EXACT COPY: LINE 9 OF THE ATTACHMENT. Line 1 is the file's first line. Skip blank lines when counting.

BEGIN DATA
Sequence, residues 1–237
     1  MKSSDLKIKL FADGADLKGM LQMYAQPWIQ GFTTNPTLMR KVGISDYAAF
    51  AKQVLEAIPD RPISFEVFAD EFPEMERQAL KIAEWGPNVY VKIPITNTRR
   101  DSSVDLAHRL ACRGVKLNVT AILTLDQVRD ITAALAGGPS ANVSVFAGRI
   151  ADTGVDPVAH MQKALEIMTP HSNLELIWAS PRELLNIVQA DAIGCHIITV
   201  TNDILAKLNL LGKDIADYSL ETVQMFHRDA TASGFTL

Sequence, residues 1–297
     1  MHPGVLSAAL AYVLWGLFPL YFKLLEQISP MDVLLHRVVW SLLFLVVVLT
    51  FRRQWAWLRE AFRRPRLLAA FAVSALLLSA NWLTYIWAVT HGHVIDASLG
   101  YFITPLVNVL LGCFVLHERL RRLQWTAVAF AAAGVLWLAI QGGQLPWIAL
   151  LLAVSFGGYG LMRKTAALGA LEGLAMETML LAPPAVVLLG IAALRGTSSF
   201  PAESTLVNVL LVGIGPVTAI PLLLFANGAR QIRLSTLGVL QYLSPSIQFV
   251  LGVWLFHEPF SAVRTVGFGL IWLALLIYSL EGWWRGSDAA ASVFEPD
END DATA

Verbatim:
    51  FRRQWAWLRE AFRRPRLLAA FAVSALLLSA NWLTYIWAVT HGHVIDASLG